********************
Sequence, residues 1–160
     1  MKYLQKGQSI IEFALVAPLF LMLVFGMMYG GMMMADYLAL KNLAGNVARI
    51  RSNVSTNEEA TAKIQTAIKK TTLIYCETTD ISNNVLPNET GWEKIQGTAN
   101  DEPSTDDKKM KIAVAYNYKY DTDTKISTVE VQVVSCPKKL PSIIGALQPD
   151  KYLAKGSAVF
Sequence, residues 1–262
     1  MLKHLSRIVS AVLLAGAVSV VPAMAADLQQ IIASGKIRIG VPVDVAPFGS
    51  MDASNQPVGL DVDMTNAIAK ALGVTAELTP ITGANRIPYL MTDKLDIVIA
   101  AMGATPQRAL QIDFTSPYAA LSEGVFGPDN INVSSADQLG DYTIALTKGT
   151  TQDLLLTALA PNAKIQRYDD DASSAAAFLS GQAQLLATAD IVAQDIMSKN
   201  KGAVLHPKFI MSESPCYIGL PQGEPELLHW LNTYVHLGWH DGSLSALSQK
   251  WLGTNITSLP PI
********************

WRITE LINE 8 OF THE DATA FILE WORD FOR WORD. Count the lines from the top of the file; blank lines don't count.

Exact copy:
    51  MDASNQPVGL DVDMTNAIAK ALGVTAELTP ITGANRIPYL MTDKLDIVIA